the puzzles were to my taste, that didn't bother me. In fact, I sort
of liked the fact that I could boot up the game, play through a couple
of rooms, and turn it off again at my leisure without having to worry
about "finding my place" or anything like that. Fun stuff.

Score: solid submission, so slightly sub-SEVEN.

-----
BEING ANDREW PLOTKIN
Derivative? Yes -- it doesn't just borrow the premise of BEING JOHN
MALKOVICH, but many of the peripheral elements as well. On rails? You
bet, at least until the climax. But it's pretty amusing, and while
"pretty amusing" isn't quite enough to make it to the A list, this one
exchange was:

| You say, "Details not important. I have a mission to destroy evil
| scum."
| inky says, "probably some sort of foaming cleanser is in order"

I laughed loudly enough to frighten people in Canada.
Also, this is yet another game (SHADE being the first) that tries to
sucker people into thinking it was written by me. Which is cool,
because it means that if I ever do enter the comp again, I can make my
identity clear as day and no one will believe it.

Score: a low SEVEN.

-----
Adam Cadre, Sammamish, WA
web site: http://adamcadre.ac
novel: http://www.amazon.com/exec/obidos/ASIN/0060195584/adamcadreac

Adam Cadre

unread,
Nov 15, 2000, 3:00:00 AM11/15/00
to
I wrote:
> SHADE
> I'm tempted to try to place this game in the context of the
> author's other work, but since these reviews may arrive before the
> revelation of the author's identity, I'll shelve those remarks.

And a couple minutes after I posted this, Zarf revealed himself. So,
a little bit of elaboration...

> (But c'mon, isn't it obvious? The radio algorithm alone... well,
> there'll be time enough for that later.)

The connection I was making here was between the radio algorithm in
SHADE and the curse-generator in the opening scene of SO FAR. Maybe
it's a fairly common trick, but that was the association I made.

> So, anyway -- a fun story, with images that stuck with me long after
> my frustration with touchy event triggers had faded.

To elaborate just a bit: the bulk of the game, inside the apartment,
I found interesting but not really enthralling. However, the (hmm, I'll
try to avoid spoilers here) other place I found myself visualizing in
vivid detail, which I usually don't do. And the final line of dialogue
was... what's the word? Chilling? Not exactly. Powerful? Closer, but
still not quite it. Wait, I've got it: "perfect."

Andrew Plotkin

unread,
Nov 16, 2000, 12:34:11 AM11/16/00
to
Adam Cadre <a...@adamcadre.ac> wrote:

> RAMESES
> Want some Catcher in the Rye? Course ya do.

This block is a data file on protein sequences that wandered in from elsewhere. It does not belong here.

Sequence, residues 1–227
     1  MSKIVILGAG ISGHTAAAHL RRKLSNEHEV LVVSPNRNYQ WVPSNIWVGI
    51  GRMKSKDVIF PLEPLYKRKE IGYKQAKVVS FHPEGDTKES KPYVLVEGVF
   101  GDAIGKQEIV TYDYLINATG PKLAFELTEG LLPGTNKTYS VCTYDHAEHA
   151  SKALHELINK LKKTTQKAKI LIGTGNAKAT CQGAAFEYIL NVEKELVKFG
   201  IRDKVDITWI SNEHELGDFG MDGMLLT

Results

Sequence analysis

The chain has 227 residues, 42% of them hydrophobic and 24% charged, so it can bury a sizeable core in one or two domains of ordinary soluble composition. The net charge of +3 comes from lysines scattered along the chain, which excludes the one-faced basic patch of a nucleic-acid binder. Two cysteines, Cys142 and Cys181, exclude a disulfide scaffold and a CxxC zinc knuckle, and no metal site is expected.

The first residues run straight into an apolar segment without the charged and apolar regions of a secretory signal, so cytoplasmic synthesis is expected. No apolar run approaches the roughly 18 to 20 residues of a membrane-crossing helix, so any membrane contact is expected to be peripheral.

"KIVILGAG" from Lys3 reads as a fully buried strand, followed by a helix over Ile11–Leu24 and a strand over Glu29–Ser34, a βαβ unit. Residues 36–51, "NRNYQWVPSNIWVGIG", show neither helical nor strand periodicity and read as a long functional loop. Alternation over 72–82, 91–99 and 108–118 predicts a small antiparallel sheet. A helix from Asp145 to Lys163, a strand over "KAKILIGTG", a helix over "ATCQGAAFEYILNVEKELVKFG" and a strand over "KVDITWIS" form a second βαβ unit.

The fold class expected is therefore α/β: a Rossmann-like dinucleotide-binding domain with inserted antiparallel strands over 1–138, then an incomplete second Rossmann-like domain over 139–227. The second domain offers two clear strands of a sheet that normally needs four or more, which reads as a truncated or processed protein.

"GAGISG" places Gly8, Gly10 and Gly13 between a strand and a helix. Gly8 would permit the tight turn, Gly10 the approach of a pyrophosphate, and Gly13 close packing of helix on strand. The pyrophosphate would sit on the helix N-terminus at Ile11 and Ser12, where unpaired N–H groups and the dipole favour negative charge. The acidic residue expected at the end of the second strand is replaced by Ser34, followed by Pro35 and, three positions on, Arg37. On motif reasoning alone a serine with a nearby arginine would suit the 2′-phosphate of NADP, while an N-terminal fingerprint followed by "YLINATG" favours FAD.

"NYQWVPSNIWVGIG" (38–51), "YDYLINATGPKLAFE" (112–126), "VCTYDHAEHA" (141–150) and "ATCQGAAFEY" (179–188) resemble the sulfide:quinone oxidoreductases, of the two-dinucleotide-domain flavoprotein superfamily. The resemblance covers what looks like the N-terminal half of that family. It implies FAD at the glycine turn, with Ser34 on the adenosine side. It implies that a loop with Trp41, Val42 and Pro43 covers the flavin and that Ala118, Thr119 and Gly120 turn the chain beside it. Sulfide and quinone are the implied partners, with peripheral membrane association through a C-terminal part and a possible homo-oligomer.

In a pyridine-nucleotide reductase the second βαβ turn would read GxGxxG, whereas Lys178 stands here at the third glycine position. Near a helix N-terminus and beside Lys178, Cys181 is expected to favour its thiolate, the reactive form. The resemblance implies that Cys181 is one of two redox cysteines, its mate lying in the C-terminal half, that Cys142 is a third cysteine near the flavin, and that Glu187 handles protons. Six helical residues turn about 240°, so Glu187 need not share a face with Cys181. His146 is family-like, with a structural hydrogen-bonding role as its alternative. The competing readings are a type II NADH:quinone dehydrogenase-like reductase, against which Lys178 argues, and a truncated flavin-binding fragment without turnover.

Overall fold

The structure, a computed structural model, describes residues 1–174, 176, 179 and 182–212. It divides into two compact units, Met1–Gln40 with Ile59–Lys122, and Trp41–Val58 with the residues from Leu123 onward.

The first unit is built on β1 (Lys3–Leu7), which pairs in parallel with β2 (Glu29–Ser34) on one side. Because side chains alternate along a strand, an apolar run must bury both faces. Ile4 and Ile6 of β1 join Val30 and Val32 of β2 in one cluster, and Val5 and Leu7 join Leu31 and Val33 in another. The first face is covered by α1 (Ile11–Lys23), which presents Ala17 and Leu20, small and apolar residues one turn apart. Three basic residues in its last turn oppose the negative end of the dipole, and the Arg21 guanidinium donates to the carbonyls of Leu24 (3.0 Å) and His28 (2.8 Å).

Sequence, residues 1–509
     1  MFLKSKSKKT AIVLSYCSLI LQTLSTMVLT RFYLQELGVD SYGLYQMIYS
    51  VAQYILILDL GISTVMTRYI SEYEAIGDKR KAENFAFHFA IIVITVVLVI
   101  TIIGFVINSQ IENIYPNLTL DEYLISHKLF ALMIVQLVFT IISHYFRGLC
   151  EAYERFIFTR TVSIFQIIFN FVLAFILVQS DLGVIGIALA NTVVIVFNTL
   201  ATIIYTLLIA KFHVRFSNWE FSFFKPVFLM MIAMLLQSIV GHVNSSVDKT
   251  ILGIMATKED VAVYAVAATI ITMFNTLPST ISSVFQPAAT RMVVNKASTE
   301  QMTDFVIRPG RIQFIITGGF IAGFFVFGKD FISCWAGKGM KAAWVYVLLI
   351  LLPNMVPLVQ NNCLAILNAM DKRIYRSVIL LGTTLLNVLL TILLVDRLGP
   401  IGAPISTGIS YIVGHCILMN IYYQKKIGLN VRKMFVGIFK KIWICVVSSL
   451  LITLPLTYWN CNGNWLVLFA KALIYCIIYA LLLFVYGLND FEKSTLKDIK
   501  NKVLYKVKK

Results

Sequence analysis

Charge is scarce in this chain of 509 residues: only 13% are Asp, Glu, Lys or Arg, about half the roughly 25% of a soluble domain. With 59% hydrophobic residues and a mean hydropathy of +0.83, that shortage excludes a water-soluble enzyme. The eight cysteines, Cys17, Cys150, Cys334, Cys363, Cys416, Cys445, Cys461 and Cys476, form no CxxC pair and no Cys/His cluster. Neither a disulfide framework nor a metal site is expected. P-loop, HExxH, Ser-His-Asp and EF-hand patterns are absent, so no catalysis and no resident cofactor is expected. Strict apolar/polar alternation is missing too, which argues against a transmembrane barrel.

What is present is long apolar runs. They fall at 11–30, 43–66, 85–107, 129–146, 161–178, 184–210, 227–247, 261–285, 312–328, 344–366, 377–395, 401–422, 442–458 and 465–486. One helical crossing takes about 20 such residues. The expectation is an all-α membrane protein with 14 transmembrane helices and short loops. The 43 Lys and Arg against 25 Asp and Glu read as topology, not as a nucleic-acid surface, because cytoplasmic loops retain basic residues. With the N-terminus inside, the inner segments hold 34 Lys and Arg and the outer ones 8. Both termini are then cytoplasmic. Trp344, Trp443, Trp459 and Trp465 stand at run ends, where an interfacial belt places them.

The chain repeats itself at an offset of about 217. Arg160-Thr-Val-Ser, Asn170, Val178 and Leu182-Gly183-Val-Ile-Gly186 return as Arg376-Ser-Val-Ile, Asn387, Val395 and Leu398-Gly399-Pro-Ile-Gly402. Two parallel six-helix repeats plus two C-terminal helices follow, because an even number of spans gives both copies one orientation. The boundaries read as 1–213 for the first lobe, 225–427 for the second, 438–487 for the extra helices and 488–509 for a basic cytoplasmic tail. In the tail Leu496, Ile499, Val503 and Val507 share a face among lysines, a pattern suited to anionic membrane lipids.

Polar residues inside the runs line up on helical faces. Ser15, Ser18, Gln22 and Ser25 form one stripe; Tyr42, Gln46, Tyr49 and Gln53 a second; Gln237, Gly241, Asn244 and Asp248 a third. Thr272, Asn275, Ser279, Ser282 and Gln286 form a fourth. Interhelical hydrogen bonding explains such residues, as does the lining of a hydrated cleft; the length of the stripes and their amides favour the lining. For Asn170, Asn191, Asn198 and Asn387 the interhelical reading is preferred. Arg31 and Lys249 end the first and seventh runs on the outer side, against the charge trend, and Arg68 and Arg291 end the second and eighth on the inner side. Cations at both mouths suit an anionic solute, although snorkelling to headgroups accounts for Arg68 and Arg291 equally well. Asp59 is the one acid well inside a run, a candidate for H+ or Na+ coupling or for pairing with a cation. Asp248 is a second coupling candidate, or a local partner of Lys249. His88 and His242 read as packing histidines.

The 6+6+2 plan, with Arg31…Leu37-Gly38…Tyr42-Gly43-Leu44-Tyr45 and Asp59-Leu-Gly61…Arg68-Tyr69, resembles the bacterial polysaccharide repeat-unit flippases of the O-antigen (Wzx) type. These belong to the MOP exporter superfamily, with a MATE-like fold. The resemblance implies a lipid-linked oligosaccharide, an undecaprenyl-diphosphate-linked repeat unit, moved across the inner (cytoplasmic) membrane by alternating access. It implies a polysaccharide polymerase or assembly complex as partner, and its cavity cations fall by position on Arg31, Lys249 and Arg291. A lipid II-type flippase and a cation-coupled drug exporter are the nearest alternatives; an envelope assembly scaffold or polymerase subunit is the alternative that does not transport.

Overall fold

<thwack>

> * If this had been static fiction, the author would have had to
> choose where the info-dumps about the various characters should go.
> In IF, players can choose for themselves what they'd like some extra
> information about, and when. This is a more important consideration
> than one might think. Think about it in terms of film. Films are
> considered, at least under the auteur theory, to be the works of not
> the screenwriters, but the directors. And the director decides not
> what is going on in the story -- that's the screenwriter's job -- but
> how the audience is to *look* at the story, what the camera is to point
> at from moment to moment. In this sense, while the *writer* of RAMESES
> may be an author who's confined the story to a very tight set of rails,
> the *director* is the player. And from this perspective, I'd say the
> power balance in the collaboration between author and player is not as
> one-sided as it may at first seem.

I like this analysis a lot. It puts into words what I was fuzzily
trying to think about.

> * Another way of looking at the role of the player is this. I've
> had people I know with social anxiety (ie, shyness) tell me that
> oftentimes it feels as if their true selves are saying, "Hey, go talk
> to that person over there!" or "Here's a funny response to what that
> guy just said -- c'mon, say it!" but that some foreign agent vetoes
> the idea. In this sense, one might say that the player, who suggests
> dialogue to say or actions to take, and Alex, who rejects all these
> suggestions, together comprise a single character with this
> disorder.

This puts into words what I put into words, and then deleted from my
review because I didn't want to get that far into spoilerdom. :-)

> This is an interesting enough gambit that I'm willing to put up with
> it, at least this time out. I don't know whether I'd be quite so
> tolerant of such unresponsive player-characters in the future, though.

Yeah. I'm glad that it was done right the first time.

--Z

"And Aholibamah bare Jeush, and Jaalam, and Korah: these were the
borogoves..."